Staff Working Paper No. 814
By Francisco Buera and Sudipto Karmakar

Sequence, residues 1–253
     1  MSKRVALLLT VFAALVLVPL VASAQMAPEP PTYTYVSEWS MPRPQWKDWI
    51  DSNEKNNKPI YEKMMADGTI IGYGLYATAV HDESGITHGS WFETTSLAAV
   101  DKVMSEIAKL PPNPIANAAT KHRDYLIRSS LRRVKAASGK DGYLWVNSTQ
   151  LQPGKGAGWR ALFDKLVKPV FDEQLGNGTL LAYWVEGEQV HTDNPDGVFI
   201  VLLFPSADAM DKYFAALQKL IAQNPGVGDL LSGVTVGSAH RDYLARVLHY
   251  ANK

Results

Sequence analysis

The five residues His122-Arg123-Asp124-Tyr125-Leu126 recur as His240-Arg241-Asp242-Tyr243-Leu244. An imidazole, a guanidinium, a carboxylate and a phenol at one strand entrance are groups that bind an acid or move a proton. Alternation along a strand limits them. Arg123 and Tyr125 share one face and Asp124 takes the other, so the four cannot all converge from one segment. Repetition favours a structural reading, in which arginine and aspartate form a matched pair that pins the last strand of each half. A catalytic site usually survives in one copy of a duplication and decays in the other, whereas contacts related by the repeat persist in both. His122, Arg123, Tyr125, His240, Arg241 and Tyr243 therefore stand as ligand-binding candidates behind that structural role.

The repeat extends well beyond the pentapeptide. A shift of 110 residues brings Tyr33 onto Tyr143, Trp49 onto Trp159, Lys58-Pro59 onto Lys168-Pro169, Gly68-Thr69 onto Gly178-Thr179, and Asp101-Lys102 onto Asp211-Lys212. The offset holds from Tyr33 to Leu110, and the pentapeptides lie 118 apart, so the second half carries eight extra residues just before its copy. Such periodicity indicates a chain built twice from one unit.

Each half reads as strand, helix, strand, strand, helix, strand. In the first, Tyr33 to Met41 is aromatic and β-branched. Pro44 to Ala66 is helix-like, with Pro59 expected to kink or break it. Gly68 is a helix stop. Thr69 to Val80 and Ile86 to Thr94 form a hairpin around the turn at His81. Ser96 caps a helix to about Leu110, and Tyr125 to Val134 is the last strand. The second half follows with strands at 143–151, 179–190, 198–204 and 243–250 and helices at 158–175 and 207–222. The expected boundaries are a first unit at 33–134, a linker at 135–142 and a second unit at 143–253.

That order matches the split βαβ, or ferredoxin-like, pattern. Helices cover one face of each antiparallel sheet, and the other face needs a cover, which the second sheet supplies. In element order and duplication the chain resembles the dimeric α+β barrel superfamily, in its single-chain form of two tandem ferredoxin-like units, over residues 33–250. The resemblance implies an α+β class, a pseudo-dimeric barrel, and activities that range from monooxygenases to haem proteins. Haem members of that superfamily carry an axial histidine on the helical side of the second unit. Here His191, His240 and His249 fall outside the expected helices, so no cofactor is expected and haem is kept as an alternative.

What are the heterogeneous effects of financial shocks on firms’ behavior? This paper evaluates and answers this question from both an empirical and a theoretical perspective. Using micro data from Portugal during the sovereign debt crisis, starting in 2010, we document that highly leveraged firms and firms that had a larger share of short-term debt on their balance sheets contracted more in the aftermath of a financial shock. We use a standard model to analyse the conditions under which leverage and debt maturity determine the sensitivity of firms’ investment decisions to financial shocks. We show that the presence of long-term investment projects and frictions to the issuance of long-term debt are needed for the model to rationalize the empirical findings. We conclude that the differential responses of firms to a financial shock do not provide unambiguous information to identify these shocks. Rather, we argue that this information should be used to test for the relevance of important model assumptions.